Cancer metastasis continues to pose difficulties for clinicians. Tumors shed cells which travel throughout the body and attach themselves at distant sites, causing new tumors to sprout. These so-called circulating tumor cells (CTCs) are extremely rare and difficult to pick out from whole blood, in part because they’re often a similar size to white blood cells. While researchers have built various devices that filter out CTCs from whole blood, they have all suffered from either poor performance, high cost, or an inability to capture relevant cellular clusters. Many also end up killing the very CTCs that are captured and needed for further study.
Now, a collaboration between researchers at Worcester Polytechnic Institute, University of Massachusetts Medical School, and University of Louisville School of Medicine has resulted in a tiny device that overcomes these limitations, consistently capturing nearly all the CTCs from a small blood sample and keeping them alive for analysis in the lab.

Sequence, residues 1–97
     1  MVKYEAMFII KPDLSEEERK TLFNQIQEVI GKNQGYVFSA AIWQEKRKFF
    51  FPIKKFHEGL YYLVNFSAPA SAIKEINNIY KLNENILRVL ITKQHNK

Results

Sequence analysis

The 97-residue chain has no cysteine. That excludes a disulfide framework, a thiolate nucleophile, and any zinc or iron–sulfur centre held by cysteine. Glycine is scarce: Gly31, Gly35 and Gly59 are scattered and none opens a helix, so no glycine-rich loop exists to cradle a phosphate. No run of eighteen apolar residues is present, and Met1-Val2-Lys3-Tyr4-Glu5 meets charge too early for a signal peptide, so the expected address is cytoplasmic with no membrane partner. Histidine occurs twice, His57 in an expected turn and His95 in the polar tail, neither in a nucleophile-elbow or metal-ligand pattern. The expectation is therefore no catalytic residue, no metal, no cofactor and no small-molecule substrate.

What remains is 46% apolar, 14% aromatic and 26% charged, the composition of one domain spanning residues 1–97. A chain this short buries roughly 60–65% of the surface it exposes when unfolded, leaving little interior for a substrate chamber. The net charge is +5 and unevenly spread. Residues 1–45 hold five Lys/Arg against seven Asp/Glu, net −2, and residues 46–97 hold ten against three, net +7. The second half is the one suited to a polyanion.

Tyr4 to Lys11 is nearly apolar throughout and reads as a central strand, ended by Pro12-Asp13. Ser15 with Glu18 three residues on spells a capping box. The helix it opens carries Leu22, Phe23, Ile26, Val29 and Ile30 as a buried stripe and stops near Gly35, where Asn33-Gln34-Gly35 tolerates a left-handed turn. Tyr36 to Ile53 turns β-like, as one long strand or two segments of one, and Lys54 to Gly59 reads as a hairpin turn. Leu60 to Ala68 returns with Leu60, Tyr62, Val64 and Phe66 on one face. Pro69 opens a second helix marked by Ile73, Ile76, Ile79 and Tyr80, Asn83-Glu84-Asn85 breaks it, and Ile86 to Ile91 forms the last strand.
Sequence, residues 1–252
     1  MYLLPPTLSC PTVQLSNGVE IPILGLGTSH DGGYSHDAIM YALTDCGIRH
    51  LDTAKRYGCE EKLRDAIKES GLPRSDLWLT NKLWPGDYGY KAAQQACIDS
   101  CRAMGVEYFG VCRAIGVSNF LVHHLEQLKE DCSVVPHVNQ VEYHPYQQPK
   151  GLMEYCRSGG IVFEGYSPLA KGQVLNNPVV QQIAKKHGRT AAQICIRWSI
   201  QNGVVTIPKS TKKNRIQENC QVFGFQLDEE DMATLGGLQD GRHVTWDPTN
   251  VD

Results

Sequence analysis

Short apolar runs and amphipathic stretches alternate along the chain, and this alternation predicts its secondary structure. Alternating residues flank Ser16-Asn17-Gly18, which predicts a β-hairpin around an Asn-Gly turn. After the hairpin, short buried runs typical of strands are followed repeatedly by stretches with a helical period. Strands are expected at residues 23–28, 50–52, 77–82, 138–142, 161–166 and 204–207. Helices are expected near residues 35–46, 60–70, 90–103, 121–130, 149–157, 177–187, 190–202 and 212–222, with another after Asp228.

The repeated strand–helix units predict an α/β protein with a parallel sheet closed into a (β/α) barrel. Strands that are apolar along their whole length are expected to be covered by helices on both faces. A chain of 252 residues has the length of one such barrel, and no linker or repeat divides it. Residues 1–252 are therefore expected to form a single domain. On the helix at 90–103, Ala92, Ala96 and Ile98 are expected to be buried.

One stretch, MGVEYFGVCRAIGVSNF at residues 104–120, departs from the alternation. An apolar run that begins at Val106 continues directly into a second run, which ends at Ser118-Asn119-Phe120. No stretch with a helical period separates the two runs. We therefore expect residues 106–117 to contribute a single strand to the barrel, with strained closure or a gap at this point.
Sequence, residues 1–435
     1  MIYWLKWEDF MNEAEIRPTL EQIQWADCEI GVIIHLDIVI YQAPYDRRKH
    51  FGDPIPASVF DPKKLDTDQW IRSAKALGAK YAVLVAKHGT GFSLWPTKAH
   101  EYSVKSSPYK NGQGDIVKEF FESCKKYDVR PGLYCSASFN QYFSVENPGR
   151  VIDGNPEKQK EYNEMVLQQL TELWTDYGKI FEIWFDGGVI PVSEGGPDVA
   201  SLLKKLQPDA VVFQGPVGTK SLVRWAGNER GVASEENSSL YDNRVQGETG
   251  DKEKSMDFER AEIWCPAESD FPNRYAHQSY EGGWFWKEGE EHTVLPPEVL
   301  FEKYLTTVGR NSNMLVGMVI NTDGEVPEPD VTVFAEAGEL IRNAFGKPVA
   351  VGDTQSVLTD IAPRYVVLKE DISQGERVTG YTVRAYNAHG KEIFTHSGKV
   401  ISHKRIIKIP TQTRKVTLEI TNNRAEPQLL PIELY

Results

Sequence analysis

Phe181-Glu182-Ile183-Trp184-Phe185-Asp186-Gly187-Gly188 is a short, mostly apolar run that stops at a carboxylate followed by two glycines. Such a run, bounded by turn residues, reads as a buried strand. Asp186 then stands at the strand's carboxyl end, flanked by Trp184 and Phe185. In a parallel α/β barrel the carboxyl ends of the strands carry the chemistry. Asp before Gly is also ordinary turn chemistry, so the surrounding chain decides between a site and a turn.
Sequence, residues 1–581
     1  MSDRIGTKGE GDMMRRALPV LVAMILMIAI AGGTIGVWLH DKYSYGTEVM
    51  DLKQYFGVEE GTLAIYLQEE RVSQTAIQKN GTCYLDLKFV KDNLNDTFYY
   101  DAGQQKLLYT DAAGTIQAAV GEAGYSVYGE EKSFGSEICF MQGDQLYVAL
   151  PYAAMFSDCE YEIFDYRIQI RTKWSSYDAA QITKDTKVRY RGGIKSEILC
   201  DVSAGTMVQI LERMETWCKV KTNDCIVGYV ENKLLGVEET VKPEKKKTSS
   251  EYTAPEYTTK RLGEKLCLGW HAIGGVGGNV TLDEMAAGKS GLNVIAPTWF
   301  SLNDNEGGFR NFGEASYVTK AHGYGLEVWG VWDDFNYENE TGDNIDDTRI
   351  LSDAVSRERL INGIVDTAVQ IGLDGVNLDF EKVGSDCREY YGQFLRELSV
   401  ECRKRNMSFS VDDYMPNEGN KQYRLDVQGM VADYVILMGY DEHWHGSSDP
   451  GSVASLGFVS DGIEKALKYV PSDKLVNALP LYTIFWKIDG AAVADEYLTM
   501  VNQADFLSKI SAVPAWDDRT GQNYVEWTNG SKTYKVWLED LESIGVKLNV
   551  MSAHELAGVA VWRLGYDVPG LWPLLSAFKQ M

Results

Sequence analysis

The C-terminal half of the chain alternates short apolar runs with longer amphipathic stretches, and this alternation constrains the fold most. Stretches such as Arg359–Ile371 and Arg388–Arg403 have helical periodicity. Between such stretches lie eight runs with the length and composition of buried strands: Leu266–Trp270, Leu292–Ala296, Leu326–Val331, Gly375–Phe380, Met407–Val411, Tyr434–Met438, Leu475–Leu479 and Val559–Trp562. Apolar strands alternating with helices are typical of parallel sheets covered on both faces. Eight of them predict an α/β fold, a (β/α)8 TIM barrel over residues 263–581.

The chip may make it possible to characterize cancers at an early stage, to monitor their progress, and even allow for the growth of tiny tumors outside the body to study which therapies best work on a given patient’s cancer.
The device features a layer of carbon nanotubes at the bottom of a well within a silicon/glass wafer. CTCs like to stick to carbon nanotubes, but white blood cells are not attracted by them and simply float by.
When tested in the lab on blood samples with a pre-measured number of CTCs, the device demonstrated between 89% and 100% accuracy, depending on how much time it was given. It was also tried with real blood samples from seven breast cancer patients at different stages of the disease, as well as from two healthy adults. The device retrieved the CTCs from all patient samples and returned a negative result on the two healthy samples.
The new chip was able to grab onto CTCs of different phenotypes, which points to it being easily used in a wide range of cancer diagnostic and monitoring applications.
Flashbacks: System Separates, Sequences Circulating Tumor Cells from Whole Blood; New Device Captures Circulating Tumor Cells Directly Within Blood Vessels; CTC-chip Identifies Circulating Tumor Cells in Cancer Patients